BPA holds media call in advance of EPA biomass workshop

By Erin Voegele | April 06, 2016

On April 6, the Biomass Power Association held a media call in advance of the U.S. EPA’s June 7 workshop on biomass and the Clean Power Plan. During the call, the BPA outlined EPA actions needed to support states with thriving biomass industries or the potential for biomass, ensuring they can fully utilize bioenergy technology to meet carbon reduction goals.

Bob Cleaves, president of the BPA, opened the call by discussing how low natural gas prices are pushing down the price of electricity and causing significant headwinds for the biomass power industry. On top of that, he said paper mills are closing at an alarming rate. Over the past 24 months, five paper mills have closed in Maine alone, he said, noting mill closures have resulted in the loss of approximately 5,000 good paying rural jobs.

According to Cleaves, making sure EPA provides regulatory certainty and the right kind of market signals is of vital importance to the biomass industry. “We can’t just be a nation of solar and wind,” he said, noting that biomass provides not only a form of renewable energy, but rural jobs, healthy forests and baseload power.

Regarding the role of biomass under the CPP, Cleaves said the BPA continues stress the fact that 37 states and Washington, D.C., have mandatory renewable portfolio standards (RPS) in pace, and all those standards recognize biomass as a qualifying resource. “If it’s good enough for 37 states and the District of Columbia, it should be good enough for EPA,” he said.

Cleaves also notes that biomass has been recognized in the federal tax code, along with other renewable technologies, as a qualifying renewable resource since 2004. 

According to Cleaves, the BPA disagrees with the EPA’s suggestion that it should develop its own preapproved qualified list of biomass resources. The reason is really simple, he said, noting the administration has been very clear that the CPP is not a top-down initiative. Rather, it wants to respect and defer to the judgements of states in implementing technologies and solutions that are unique to those states. “Right now we have approximately 45 state law definitions of biomass, and I think it’s fair to say those definitions are somewhat tailored to those unique state resources.” We don’t think it appropriate for EPA try to create one uniform definition, he added. According to Cleaves, BPA thinks the EPA should honor state definitions of biomass. In the absence of a state definition, the EPA should look to Section 45 of the Internal Revenue Code.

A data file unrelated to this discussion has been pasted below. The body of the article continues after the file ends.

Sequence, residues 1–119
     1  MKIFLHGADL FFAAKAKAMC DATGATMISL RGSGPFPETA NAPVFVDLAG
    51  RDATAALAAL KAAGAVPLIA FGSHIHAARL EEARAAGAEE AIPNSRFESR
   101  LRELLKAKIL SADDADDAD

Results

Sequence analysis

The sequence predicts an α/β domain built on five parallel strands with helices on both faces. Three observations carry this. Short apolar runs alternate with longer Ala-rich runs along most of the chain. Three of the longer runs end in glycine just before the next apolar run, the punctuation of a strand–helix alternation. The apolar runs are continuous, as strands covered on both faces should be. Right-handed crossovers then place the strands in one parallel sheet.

Regarding criticism from environmental groups regarding these production of biomass energy, Cleaves said even NGOs who protest biomass in general have acknowledged the benefits of low-value and waste biomass. Cleaves also stressed the BPA doesn’t embrace their anti-biomass views, but rather thinks “the bottom line is that as long as forests stay healthy and carbon stocks are increasing, that all is good, but it’s very clear to us that when it comes to materials that aren’t “harvested” and that are residues or byproducts of another undertaking…those materials should be used for their highest and best use, and frequently, that is to make electricity.”

One issue that has been delaying progress on the EPA’s draft framework for biogenic carbon emissions is related to the timeline over which carbon debt and carbon dividends should be measured. The wood products industry is pushing for a 100 year timeline. Cleaves said that issue is unlikely to be resolved at the April 7 workshop. In fact, it may take years to resolve. He noted that both sides of the academic isle hold very strong views on the timeline issue, and it’s currently unclear how long it will take to resolve. Rather, Cleaves said the BPA is hoping the EPA offers a statement during the workshop that acknowledges that low-value and waste residuals have clear carbon benefits.

Additional information on the EPA’s April 7 workshop can be found on the agency’s website.